And we know the answer. If we raise our youth up right…

If we teach the the lessons that the author of Colossians asks us all to learn. Be clothed with compassion and kindness and humility and meekness and patience. Be clothed with love. Let the peace of Christ rule in your hearts. Let the word of Christ dwell in you richly. Teach and admonish with all wisdom. Sing with gratitude.

Let the peace and word of Jesus Christ, son of the Most High, who was once a twelve year old, at the temple, amazing the teachers and scholars, live in you.

If we raise our youth up right… what else do we think they would be doing than making the world a place of greater compassion and mercy and justice and love? If we raise our youth up right… where else do we think they would be than on the front lines of the issues that will affect them for the rest of their lives?

What else would be expect them to do… than be Christ-like?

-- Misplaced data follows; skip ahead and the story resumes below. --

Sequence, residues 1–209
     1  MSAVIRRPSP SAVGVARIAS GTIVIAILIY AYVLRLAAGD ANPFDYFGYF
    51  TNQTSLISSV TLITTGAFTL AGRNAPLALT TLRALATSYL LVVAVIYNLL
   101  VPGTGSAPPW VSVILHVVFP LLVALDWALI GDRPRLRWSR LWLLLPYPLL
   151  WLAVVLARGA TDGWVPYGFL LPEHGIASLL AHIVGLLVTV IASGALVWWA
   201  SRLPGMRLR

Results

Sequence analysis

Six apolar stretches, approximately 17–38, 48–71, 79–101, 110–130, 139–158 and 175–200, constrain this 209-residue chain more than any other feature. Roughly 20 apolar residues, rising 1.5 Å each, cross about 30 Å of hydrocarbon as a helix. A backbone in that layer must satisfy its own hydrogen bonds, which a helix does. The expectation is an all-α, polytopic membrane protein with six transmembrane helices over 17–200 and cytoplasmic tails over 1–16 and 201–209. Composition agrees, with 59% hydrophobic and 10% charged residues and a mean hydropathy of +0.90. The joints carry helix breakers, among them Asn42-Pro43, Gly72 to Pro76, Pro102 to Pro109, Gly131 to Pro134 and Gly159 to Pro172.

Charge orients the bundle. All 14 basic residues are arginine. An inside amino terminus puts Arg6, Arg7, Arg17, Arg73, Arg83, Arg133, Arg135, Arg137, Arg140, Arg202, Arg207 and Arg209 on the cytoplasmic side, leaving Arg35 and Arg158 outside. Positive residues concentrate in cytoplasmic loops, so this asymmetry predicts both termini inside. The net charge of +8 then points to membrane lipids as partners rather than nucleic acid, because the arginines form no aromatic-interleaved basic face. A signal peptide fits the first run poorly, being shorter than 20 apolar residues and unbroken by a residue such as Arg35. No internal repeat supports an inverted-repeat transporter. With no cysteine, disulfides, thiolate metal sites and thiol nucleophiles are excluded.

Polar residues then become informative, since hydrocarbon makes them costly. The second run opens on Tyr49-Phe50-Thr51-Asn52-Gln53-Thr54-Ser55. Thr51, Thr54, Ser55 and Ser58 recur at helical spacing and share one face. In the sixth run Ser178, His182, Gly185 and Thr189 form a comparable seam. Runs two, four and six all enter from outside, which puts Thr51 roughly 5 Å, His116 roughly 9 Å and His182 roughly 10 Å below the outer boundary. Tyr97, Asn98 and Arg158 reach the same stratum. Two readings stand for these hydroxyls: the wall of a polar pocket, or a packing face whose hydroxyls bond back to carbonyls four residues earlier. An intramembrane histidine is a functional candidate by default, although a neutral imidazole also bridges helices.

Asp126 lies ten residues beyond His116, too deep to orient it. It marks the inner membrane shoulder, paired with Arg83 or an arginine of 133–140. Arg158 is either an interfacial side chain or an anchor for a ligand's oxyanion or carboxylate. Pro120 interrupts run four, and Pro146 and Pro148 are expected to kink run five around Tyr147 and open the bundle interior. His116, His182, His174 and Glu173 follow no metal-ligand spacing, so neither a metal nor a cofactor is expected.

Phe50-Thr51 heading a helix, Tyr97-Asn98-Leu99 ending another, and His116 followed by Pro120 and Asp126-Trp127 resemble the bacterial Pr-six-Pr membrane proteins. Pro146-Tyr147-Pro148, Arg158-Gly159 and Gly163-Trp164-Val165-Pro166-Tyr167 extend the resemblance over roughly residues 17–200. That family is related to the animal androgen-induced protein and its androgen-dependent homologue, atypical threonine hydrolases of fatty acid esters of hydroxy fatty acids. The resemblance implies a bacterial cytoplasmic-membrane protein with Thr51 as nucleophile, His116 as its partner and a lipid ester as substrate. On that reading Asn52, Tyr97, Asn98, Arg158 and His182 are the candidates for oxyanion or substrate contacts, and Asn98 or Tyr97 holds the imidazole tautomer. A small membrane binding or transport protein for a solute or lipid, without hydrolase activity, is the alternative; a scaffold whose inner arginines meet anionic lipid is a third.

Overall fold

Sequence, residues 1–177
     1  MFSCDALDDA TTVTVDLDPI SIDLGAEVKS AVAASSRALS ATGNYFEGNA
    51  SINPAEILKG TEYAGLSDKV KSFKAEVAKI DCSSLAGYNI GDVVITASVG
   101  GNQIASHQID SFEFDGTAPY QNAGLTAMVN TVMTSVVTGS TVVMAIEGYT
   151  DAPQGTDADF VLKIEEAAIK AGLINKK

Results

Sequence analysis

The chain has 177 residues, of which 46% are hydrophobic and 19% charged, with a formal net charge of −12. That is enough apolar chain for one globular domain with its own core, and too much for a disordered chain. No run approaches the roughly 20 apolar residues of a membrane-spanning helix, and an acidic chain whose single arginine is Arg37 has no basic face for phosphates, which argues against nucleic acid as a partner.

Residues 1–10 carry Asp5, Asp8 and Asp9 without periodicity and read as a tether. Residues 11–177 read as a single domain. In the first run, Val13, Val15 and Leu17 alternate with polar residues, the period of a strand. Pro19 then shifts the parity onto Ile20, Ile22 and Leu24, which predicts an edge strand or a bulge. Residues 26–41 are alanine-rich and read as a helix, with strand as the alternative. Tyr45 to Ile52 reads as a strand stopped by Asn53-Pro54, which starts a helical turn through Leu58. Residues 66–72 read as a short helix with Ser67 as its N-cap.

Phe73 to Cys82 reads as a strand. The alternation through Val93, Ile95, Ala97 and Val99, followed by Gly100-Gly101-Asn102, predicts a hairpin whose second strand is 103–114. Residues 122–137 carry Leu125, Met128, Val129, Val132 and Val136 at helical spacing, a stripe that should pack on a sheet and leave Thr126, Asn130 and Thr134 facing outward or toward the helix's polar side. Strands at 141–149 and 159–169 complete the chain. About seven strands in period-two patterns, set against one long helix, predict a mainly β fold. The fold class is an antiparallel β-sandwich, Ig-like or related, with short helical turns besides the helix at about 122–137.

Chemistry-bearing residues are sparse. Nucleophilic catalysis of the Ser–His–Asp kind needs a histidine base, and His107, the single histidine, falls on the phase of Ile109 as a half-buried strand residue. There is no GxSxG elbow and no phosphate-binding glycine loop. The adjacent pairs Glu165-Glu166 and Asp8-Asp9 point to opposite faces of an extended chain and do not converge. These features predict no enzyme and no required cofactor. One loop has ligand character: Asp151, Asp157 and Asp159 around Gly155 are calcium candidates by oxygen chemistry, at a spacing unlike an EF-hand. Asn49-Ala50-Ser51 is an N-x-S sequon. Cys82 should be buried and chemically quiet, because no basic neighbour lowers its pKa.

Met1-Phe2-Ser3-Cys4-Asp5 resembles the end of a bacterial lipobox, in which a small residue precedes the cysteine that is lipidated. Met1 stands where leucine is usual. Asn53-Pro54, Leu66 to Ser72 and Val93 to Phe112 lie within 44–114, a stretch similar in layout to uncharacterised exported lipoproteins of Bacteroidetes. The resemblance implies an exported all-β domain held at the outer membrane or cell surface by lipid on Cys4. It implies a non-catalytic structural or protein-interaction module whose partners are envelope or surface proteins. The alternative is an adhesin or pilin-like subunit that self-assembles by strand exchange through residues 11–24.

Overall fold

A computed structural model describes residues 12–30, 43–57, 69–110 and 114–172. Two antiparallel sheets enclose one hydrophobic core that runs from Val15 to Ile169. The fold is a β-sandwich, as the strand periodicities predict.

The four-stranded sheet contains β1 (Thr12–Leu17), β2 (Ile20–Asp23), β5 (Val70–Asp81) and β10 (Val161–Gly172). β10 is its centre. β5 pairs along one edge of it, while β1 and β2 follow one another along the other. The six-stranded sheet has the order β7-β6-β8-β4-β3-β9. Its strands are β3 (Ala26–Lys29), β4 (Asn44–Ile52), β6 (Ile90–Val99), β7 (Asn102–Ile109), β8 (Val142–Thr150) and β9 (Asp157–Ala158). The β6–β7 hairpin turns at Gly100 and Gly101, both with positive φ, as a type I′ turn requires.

When Mary and Joseph found Jesus at the temple, they were astonished.

And—the scripture goes on—after Jesus answered them, they did not understand what he said to them.

And—the scripture goes on—after they took him by the hand, and they all went home to Nazareth together, Mary treasured all these things in her heart.

There are going to be times when our youth ask permission for the things they should ask permission for. And there are going to be times when they don’t. And there are going to be times when we think they should have asked permission, but when they really shouldn’t have had to.

There are going to be times when we can give wisdom to our youth. And there are going to be times when those of us who are a little bit older need to clothe ourselves in compassion and kindness and humility and meekness and patience… and listen to the wisdom of our youth. They are, after all, learning much more than we’ll ever know.

And we will have the chance to be amazed at their understanding and their answers; to watch them grow in wisdom and in years, and in divine and human favor; and and to treasure all of these things in our hearts.

We’ll have the chance to let a child lead the way. Hallelujah. Amen.